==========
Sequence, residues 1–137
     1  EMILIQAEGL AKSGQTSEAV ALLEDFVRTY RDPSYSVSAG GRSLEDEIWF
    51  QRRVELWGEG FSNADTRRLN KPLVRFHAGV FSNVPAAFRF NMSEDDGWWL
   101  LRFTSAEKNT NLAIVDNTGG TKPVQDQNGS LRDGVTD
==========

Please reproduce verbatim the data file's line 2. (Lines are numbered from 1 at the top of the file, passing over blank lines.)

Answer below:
     1  EMILIQAEGL AKSGQTSEAV ALLEDFVRTY RDPSYSVSAG GRSLEDEIWF